Sharkboy And Lavagirl Return In New Netflix Movie We Can Be Heroes

Director Robert Rodriguez returns to the world of his 2005 family film for his new superhero adventure.

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Alita: Battle Angel director Robert Rodriguez's next movie is the family superhero adventure We Can Be Heroes, which hits Netflix in January. The film is set in the same universe as his 2005 movie The Adventures of Sharkboy and Lavagirl, and the first images of those familiar characters in the new film have now been released.

Sharkboy and Lavagirl are no longer teenagers, but adults with a child of their own. Nevertheless, they're still wearing the same costumes as they did in the earlier movie, and they still their powers. While Taylor Dooley is back as Lavagirl, Taylor Lautner isn't returning as Sharkboy. He's been replaced by JJ Dashnaw, who previously appeared in Rodriguez's Spy Kids movies, while their half-shark daughter Guppy is played by Bird Box's Vivien Lyra Blair. Check the images out below:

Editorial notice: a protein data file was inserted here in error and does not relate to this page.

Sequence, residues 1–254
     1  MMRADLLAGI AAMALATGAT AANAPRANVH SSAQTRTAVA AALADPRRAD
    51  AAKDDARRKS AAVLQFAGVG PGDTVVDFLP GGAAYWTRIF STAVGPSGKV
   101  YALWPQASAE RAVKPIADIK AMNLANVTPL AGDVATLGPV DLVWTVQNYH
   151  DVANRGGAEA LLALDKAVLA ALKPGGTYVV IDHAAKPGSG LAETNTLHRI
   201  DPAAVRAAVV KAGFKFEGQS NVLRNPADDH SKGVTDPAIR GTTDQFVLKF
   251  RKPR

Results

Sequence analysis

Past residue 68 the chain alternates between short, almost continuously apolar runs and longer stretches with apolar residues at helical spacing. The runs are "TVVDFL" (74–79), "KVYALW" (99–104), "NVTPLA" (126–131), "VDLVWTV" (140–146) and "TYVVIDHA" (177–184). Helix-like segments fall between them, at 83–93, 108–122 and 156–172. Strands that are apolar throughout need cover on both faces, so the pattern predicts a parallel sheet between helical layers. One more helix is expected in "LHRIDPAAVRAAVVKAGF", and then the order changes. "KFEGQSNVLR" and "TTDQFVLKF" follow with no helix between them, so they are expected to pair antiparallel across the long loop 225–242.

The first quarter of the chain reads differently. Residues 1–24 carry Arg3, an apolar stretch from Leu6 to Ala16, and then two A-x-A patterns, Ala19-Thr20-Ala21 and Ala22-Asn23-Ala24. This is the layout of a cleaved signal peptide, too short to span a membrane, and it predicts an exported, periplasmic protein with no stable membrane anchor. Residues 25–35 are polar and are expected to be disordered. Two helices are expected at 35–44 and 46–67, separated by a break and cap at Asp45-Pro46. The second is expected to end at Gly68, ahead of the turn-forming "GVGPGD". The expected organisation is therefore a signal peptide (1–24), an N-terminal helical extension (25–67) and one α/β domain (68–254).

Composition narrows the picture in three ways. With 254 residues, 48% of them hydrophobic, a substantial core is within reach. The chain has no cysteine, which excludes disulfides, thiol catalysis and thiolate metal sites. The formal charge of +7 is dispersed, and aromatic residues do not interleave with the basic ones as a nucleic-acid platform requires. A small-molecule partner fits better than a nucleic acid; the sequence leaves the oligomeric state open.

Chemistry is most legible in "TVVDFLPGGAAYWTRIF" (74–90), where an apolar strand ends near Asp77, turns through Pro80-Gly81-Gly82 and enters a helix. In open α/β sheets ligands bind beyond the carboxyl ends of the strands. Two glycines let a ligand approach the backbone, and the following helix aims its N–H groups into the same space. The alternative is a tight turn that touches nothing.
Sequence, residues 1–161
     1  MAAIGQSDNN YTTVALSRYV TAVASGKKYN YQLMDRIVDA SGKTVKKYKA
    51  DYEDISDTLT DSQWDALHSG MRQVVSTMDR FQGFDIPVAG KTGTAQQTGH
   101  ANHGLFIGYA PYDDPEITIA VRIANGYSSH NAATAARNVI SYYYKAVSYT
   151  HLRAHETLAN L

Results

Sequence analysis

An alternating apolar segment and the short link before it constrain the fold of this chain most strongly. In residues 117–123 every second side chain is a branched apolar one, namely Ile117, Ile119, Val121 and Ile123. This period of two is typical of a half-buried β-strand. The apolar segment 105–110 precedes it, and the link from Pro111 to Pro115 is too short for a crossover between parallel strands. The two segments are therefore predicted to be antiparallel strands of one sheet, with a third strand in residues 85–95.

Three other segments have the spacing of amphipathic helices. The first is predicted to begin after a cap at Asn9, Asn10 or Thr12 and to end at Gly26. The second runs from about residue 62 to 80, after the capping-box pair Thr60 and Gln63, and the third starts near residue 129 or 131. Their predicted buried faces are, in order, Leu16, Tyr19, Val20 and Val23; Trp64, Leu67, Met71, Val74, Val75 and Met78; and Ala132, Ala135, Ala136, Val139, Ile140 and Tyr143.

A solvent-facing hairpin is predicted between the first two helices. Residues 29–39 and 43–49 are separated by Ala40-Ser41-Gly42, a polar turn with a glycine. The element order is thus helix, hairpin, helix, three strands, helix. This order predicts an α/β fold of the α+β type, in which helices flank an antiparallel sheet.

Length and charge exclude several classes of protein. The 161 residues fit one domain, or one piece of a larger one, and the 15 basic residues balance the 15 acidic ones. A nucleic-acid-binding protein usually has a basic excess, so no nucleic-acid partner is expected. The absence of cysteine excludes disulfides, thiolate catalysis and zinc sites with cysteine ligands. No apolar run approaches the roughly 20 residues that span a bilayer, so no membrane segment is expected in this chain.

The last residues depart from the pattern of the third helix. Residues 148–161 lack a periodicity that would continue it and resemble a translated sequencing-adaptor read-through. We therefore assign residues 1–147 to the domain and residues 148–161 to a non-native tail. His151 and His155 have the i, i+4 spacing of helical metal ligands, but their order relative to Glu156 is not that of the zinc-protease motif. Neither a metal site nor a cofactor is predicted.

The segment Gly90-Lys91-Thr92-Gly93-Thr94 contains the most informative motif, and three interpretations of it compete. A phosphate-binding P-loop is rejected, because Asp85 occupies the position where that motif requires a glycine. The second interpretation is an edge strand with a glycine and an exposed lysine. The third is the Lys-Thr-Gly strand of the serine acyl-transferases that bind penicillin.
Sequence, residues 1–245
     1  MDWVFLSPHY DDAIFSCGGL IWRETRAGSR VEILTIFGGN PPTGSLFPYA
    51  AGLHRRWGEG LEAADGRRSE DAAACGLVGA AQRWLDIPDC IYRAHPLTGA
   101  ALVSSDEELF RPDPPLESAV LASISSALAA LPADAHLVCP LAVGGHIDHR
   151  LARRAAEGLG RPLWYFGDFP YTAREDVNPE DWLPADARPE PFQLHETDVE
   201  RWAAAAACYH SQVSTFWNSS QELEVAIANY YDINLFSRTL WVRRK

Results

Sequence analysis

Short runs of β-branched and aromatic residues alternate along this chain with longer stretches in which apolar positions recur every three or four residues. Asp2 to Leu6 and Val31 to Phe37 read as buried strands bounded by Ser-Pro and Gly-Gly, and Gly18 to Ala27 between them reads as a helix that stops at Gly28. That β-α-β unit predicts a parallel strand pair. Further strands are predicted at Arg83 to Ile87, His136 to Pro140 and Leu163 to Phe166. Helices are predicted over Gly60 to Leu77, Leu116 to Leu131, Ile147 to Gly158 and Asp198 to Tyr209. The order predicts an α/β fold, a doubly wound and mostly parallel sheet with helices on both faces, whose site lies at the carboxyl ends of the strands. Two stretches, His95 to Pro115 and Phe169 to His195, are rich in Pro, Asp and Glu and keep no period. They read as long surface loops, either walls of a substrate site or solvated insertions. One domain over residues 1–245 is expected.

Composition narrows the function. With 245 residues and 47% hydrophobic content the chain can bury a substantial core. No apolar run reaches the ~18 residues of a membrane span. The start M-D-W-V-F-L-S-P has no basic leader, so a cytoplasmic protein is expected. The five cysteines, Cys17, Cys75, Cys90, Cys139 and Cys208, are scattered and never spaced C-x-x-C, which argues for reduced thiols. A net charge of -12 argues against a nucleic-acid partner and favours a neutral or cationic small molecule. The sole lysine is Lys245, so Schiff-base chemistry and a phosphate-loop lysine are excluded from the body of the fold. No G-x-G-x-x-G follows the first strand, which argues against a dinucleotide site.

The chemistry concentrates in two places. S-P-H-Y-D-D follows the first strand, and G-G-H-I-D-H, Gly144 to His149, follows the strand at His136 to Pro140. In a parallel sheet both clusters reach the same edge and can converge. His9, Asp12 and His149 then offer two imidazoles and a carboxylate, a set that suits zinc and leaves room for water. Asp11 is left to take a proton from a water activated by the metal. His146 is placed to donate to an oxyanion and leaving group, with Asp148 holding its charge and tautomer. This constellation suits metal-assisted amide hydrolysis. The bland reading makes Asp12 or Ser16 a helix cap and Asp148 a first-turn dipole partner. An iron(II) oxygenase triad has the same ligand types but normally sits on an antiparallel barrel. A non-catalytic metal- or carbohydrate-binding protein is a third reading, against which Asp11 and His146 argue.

We Can Be Heroes focuses on the children of a group of superheroes, who have been captured by alien invaders. The kids must team up to save their parents--and save the world in the process. The movie stars Boyd Holbrook, Pedro Pascal, Priyanka Chopra Jonas, YaYa Gosselin, Christian Slater, Christopher McDonald, and Vivien Blair. It hits Netflix on January 1.

During Comic-Con this year, Rodriguez explained it was the popularity of his earlier family movies that led him to make We Can Be Heroes for Netflix. "Kids watch those movies over and over because they're action films made for children and families," he said, via Collider. "Netflix came to me because the Spy Kids movies had done just so well on their service. They said 'could you make a series of films that do that?' And I said, 'I'd love to!'

"It was hard to make them for the theater because kids couldn't drive themselves to the theater and watch it a thousand times. Parents would have to take them. With Netflix, they can just sit there. I don't have to sit there and watch Glitter Force with my daughter, she can just click it as many times as she wants. That's why they get such high numbers on those types of films."

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